Truth, Lies, and O-Rings by Allan J. McDonald with James R. Hansen. University Press of Florida, 2009, 627 pp., $39.95.
What would you do if you were an engineer working for a powerful company and your decision to cancel an upcoming space launch due to a faulty part was overruled by that company and your own supervisors, a decision that led to catastrophic results? In Truth, Lies, and O-Rings Allan McDonald attempts to answer the question of how NASA’s decision to overrule his warning regarding a faulty part and launch the space shuttle Challenger ended in its destruction and the death of its crew. Truth, Lies, and O-Rings is the firsthand account by a man directly involved in the design tests of the rings, Challenger’s launch, and the cover-up that followed the catastrophe.
McDonald describes the flaws that he and fellow engineers discovered in the O-ring and explains why he refused to support NASA’s decision to launch the Challenger. He details the political and economic consequences (lawsuits against Thiokol by the families of the Challenger’s crew and congressional hearings on the decisions) and the internal fallout (reprisal attempts against him and relocating those involved in the decision to different departments). He concludes with the aftereffects of the tragedy and the end of his career with Thiokol.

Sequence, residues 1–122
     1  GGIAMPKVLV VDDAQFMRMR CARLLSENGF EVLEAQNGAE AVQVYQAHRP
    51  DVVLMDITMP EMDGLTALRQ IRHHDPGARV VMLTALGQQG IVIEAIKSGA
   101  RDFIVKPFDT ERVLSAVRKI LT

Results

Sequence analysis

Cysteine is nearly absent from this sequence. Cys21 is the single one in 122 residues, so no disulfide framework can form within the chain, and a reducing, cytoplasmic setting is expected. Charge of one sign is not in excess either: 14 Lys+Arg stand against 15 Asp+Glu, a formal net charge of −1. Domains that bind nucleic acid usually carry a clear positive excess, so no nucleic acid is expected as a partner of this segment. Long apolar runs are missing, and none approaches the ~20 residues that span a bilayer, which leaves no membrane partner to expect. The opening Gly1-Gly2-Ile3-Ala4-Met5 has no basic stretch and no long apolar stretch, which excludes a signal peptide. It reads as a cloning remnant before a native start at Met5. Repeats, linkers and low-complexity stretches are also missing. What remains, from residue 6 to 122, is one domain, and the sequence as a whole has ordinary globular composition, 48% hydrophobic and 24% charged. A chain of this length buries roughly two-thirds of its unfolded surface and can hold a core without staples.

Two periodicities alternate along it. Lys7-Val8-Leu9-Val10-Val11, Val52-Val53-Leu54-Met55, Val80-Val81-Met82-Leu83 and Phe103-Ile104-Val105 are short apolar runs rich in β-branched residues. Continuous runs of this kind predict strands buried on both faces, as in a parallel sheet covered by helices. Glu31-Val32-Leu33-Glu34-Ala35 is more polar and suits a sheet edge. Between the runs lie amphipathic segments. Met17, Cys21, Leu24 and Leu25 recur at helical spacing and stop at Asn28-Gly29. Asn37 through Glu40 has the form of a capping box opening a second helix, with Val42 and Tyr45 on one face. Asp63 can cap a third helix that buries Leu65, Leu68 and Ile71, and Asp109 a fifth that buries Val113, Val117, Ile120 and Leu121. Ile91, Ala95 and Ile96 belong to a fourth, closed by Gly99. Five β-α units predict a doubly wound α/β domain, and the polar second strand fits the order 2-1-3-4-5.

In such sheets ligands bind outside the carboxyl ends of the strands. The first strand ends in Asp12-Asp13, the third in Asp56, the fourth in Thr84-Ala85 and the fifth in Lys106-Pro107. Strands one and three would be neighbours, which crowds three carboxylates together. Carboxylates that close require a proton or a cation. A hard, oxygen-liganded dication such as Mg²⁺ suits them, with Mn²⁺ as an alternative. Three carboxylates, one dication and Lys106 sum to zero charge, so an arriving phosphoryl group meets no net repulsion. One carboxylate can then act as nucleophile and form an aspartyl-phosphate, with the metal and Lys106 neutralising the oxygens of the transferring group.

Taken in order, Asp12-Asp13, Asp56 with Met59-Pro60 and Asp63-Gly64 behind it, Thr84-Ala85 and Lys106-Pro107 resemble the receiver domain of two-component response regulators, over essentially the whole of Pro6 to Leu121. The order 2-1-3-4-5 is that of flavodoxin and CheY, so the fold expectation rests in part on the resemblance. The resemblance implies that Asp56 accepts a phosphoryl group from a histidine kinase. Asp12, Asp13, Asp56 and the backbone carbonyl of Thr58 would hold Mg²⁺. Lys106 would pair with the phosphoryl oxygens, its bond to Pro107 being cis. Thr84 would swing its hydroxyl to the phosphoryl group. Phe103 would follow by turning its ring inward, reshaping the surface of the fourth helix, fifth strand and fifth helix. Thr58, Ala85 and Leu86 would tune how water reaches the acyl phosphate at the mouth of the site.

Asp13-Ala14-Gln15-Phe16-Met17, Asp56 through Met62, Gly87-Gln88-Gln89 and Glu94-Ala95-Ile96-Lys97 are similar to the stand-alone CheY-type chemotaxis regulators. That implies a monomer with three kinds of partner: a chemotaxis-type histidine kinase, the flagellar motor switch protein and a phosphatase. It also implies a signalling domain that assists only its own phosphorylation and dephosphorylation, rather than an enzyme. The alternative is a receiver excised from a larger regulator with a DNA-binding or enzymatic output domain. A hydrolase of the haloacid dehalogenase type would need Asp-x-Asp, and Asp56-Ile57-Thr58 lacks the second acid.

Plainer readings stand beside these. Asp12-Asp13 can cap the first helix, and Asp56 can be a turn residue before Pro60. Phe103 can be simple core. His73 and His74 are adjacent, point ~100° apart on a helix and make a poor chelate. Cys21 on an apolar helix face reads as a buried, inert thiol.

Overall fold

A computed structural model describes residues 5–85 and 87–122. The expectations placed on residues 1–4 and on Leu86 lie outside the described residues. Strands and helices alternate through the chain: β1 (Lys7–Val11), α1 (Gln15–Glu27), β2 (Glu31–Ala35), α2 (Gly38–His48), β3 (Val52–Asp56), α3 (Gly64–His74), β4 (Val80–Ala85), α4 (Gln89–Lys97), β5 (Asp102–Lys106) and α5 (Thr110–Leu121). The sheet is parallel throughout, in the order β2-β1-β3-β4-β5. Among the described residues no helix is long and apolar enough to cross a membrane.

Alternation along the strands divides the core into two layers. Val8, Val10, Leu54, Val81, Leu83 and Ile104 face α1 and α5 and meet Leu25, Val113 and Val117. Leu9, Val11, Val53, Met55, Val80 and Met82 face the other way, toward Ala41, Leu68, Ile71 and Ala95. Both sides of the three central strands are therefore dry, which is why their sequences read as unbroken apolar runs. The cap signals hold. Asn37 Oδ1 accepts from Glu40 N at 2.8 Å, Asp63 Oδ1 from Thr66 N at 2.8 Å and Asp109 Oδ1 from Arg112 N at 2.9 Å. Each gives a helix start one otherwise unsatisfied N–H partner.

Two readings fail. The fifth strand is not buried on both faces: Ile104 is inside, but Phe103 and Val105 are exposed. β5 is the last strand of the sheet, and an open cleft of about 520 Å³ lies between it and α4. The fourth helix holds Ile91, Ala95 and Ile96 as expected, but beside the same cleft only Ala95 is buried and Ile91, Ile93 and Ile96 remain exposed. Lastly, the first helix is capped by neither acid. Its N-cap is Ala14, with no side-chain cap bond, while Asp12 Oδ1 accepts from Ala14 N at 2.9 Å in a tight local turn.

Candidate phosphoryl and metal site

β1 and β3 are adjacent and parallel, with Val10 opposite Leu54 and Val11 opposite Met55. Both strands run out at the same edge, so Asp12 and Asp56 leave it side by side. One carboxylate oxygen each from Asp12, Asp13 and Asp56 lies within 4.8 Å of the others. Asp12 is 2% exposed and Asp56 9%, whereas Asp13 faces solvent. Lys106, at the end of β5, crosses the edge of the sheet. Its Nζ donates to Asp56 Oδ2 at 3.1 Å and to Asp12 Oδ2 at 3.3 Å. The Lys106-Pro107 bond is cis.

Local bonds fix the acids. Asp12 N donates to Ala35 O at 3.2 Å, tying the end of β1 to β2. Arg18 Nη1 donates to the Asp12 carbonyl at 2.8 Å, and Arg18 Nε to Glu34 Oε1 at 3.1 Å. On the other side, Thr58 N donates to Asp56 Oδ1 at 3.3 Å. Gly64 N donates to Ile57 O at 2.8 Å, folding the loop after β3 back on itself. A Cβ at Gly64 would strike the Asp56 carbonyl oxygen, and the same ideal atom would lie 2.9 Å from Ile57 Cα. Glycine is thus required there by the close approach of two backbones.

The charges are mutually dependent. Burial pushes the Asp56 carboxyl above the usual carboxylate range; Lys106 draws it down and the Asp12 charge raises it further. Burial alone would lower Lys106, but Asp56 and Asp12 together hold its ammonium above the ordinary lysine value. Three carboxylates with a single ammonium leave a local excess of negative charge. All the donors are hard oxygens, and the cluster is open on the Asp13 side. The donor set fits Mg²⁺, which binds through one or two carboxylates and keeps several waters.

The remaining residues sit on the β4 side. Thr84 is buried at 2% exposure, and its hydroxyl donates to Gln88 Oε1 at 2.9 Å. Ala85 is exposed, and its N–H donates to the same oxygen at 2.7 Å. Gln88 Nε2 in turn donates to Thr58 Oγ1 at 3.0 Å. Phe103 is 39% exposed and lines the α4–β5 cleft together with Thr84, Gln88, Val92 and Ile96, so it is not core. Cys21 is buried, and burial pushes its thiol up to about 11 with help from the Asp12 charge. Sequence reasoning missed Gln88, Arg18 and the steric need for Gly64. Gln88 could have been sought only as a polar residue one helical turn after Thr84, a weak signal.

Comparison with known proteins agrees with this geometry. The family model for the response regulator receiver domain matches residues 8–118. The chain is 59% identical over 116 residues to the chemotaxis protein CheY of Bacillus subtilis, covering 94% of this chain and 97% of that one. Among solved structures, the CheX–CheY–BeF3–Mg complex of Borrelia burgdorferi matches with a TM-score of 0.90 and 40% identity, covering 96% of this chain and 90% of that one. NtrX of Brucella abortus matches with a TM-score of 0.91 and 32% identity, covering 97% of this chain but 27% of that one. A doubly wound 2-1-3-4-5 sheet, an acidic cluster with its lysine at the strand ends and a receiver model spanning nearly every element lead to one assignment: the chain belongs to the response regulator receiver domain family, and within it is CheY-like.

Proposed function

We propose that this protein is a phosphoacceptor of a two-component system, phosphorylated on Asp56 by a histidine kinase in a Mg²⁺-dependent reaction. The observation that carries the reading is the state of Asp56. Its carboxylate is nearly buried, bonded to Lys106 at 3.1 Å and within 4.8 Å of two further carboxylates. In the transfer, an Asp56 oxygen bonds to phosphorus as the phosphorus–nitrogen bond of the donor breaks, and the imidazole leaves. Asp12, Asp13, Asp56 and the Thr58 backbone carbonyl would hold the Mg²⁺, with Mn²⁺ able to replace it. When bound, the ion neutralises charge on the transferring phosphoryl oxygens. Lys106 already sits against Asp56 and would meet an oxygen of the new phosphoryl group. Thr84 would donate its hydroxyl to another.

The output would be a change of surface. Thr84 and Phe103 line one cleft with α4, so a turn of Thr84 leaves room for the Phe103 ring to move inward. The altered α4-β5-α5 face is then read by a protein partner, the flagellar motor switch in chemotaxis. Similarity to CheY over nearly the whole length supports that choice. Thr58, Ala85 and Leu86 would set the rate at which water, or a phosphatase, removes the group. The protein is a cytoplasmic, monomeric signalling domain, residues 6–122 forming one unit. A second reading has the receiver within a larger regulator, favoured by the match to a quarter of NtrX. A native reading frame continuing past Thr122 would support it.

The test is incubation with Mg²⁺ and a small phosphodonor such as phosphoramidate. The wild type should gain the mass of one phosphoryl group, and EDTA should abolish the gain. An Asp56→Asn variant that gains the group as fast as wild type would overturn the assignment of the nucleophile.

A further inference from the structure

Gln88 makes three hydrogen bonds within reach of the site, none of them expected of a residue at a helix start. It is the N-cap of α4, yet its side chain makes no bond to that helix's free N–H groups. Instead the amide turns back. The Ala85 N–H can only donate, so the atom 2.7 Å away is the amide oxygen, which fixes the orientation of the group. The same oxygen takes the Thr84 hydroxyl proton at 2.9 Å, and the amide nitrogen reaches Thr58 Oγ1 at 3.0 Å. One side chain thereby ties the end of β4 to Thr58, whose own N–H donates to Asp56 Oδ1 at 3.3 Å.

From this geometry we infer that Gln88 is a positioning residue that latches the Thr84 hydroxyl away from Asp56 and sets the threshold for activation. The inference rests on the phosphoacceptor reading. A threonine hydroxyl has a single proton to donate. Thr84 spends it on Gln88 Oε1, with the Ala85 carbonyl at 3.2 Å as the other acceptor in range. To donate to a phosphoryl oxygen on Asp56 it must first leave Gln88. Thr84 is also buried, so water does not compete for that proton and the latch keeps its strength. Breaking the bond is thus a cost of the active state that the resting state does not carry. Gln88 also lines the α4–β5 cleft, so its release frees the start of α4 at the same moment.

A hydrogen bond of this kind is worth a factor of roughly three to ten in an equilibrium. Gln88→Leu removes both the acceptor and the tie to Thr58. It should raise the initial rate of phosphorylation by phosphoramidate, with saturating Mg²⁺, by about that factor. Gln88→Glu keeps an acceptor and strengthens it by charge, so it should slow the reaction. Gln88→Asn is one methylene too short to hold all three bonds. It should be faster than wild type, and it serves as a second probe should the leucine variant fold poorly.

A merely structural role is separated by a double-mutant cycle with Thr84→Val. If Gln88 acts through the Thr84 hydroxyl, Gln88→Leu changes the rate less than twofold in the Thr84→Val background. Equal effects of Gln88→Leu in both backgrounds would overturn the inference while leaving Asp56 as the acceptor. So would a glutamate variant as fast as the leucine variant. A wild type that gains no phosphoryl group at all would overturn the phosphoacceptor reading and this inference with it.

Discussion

While Truth, Lies, and O-Rings explains the how and why of the designs, the tests, the management decisions, and the events leading up to Challenger’s destruction, McDonald sidetracks the reader with unrelated personal details. While these may be interesting, they detract from the overall impact of the story. The reader does not need a chapter devoted to his background nor a 28-page bibliographical essay devoted to the books and conspiracy theories resulting from the Challenger disaster. The book also drags out chapters that could have been combined into a single one or made into a short summary.
With the space shuttle program now retired, the question still lingers as to how the Challenger tragedy came to pass. Truth, Lies, And O-Rings attempts to explain the how and the why of this tragedy but fails to fully answer why McDonald waited over two decades to write a book that could have had a significant impact on post-Challenger missions. While the book may be of interest to space historians, its overall value to the military reader is minimal.
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